Dana’s Gift Emporium for the Terminally Late and Non-Shopaholic

Right. Crap. Christmas and/or other midwinter holiday requiring giftage. There’s very little time left to get that special someone a little something, isn’t there? Suppose I’d best boot the Dojo to another day and get on it, then.

If, like me, you’re teh suck at this whole shopping thing, hopefully the links contained herein will offer a bit o’ the old inspiration and assistance. Even if you do have to give someone a card saying, “I ordered your gift late, so you get to open this card first.”

What if you’re buying for someone you’re obligated to buy for but don’t really like? Oh, just wait. Got that covered, too!

Science Gifties

Evelyn Mervine has the definitive list of gift ideas for geologists, by geologists. You’re sure to find something good here, but in case you need more ideas, Agile has also got some suggestions.

I’d like to plug Edmund Scientifics, because when that whole uproar started over gendered science kits, even though they weren’t the main offenders, they responded by doing the right thing and ending the gender segregation. Check them out for a little something for the Young Scientist on your list. They have a remote-controlled flying shark on the front page right now. How awesome is that?

Rocks In a Hard Place offers some fabulous items for the geologist on your list, and comes recommended by Garry Hayes. Their front page alone made me scream with joy. They’ve got fluorescent bloody minerals, and really, who doesn’t want fluorescent bloody minerals?

Also, there’s Mini Me Geology, which has some adorable options, and there’s that Austin Powers reference in the name, which makes them all the more awesome. Plus, Rock Detective kits. Seriously, where was that shit when I was growing up?! Recommended by Kate from Iowa.

Do you know someone who doesn’t own Brian Switek’s Written in Stone yet? Remedy that immediately!

And, this may not exist yet, but what an idea:

Surely this should be on every geologist's christmas wishlist? I want one. via @
Dr Rebecca Williams

Here’s a one-stop shop for the geek on your list from Double X Science.

For Those Less-Than-Loved Ones

Our own Stephanie Zvan uncovered a treasure trove of ideas for those obligatory gifts you must present to people you’d rather not buy a gift for, and will present with a present only because social niceties demand you do so. Even if you haven’t got one of those people in your life, read the post – it’s good for a belly laugh.

Charitable Works

Speaking of belly laughs, bust your gut laughing and find some good causes to give to at The Bloggess, where The James Garfield Christmas (And Hanukah) Miracle Returns. Sort of. This also ties in beautifully with the begrudging gift category. See Miracle #3.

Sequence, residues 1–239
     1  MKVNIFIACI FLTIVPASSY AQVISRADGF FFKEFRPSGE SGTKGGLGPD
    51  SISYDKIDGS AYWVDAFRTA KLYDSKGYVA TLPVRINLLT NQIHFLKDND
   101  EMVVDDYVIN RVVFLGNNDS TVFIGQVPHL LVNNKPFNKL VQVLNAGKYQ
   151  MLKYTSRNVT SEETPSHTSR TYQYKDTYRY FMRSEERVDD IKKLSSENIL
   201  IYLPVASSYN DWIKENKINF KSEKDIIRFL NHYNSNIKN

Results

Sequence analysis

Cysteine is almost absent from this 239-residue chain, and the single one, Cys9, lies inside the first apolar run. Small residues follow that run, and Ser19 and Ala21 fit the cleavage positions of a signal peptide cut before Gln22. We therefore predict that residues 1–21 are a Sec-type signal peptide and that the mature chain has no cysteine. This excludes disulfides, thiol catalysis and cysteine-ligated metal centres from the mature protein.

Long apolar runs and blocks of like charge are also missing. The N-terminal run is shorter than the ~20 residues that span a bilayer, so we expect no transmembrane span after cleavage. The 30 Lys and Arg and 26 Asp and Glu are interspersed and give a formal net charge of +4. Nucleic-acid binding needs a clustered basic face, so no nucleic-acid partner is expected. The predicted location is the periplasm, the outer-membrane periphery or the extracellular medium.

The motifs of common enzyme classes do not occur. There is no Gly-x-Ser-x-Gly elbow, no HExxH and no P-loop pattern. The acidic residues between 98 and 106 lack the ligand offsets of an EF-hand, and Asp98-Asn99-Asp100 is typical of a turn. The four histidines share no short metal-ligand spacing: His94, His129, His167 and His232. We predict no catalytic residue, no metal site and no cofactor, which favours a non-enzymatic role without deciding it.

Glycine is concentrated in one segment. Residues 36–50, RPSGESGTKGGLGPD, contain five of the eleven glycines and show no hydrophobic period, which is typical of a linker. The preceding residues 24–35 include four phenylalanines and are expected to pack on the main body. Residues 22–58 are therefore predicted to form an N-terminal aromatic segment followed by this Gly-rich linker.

And the JAYFK is having its Holiday Vaccine Drive. This is a fabulous thing – you can, for not much money, potentially vaccinate an entire village. We wish each other good health every season. Why not do more than wish?

Too Poor For Awesome Gifts

Are you kidding? Srsly? You can afford whole worlds!

Sign at Powell's Books

Doesn’t even have to be a new book – plenty of beautiful stuff at used bookstores at a great price. Doesn’t even have to be a physical book – get an ebook for those with ereaders, and you can afford even more!

But if you’re super-amazing poor, don’t forget the greatest toys of all time, which often don’t cost a thing. Give a copy of that post along with the toy, and you might make it out alive.

And always, always, remember the love. Give plenty o’ that, and get plenty back, my darlings!

Trek Into the Past

So. Star Trek turned 45 last Thursday. Wow.

It’s been nearly twenty years since I lost my Star Trek innocence. I wasn’t much of a sci-fi fan as a teenager, especially not the teevee shows. I loved Buck Rogers and Battlestar Galactica and… that was just about it. I truly believed most of those shows were horribly corny, with awful special effects and atrocious writing. I was above all that. I would never ever in my entire life become a Star Trek fan. Star Trek fans were pathetic and weird.

Ah, youth. So full of certainty and so full of shit.

Then my friend Ryan spent a few days with us on his summer break from college. This happened at the same time they’d started releasing Star Trek: The Next Generation on VHS. Yes, I am dating myself. Shut up. Anyway, Ryan saw these while we were at Wal-Mart one afternoon and snapped them up with evident glee. His little face just glowed. And he assumed that I, of course, would watch them with him.

“No,” I said. “I hate Star Trek.”

His face. So shocked. He pitched. He pleaded. He cajoled. He seemed to give up in the face of my continued refusal. I should’ve known better. Ryan was a man who could hear the word no, but not when it came to entertainment he believed in. And he could be a devious little bastard.